Office for Undergraduate Research in Science
The Office for Undergraduate Research in Science (OURS), launched in September 2005, aims to establish active research as a cornerstone of undergraduate education, strengthening student understanding of the process and products of scholarship through first-hand experience. OURS’ annual Undergraduate Research Conference showcases the results of recent student research, and its popular “Soup and Science” lunch series provides a venue for students to discuss working with professors on research projects.
But the students aren’t the only people who benefit from such collaboration.
“Undergraduate researchers bring forward projects, they have new ideas, they discover new things,” says Roland Bennewitz, a professor of physics who has worked with 14 undergrad researchers since coming to McGill in 2004. This past summer, Bennewitz asked one such researcher to build an apparatus which makes the signal of a scanning force microscope audible; instead of following the suggested design, the student built an ingenious modification which dramatically improved the device’s sensitivity. “He had his own ideas, and was open to experimenting with new ways—and he taught me things about electronics!”
OURS is only the first step, with similar initiatives planned for other faculties as part of McGill’s new focus on undergraduate research.
“These are very good students,” adds Bennewitz. “They’re refreshing, and really contribute to science.”
Patenting new discoveries is a crucial step in the real-world application of academic research. Patents give McGill-affiliated companies the exclusive right to bring fresh ideas to the open market, an invaluable contribution to Canada’s economic and technological growth. According to the Association of University Technology Managers’ most recent U.S. Licensing Survey (for the fiscal year 2004), McGill researchers received a whopping 30 U.S. patents, a dozen more than the nearest competitor. Not only does McGill lead the nation, it holds 20% of the U.S. patents issued to all Canadian universities participating in the survey that year.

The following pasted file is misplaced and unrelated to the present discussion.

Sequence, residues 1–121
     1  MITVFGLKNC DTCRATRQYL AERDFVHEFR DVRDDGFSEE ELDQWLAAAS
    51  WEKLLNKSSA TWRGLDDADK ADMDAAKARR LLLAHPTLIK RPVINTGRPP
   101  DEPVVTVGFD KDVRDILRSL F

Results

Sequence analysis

This success has not gone unnoticed. Citing McGill’s average of 28 U.S. patents issued per year (for the years 2000-2004), the Milken Institute recently ranked McGill 14th in the world for translating its biotech research into patents. The independent economic think-tank’s report placed McGill ahead of all other Canadian universities, as well as Yale and UCLA.
Turning Point 1955
Known as HM, the man standing before Dr. Brenda Milner was a mystery to the young scientist—and to himself. He could remember events from before undergoing brain surgery—a bilateral medial temporal lobe resection to remedy his epilepsy—but was now unable to form new memories. Told his doctor’s name, HM would forget it as soon as he was distracted by new stimuli.
And yet Milner, a British expatriate who had been trained by McGill psychology pioneer Donald Hebb, persisted. Through her testing of HM, she found that the surgery didn’t interfere with his capability for certain kinds of learning, in particular the acquisition of new motor skills. With this revelation, Milner provided early evidence that humans have multiple-memory systems which govern different tasks (like language), opening the way for a greater understanding of how the brain works. HM became one of the most important case studies in cognitive neuroscience, thus ensuring he would never be forgotten.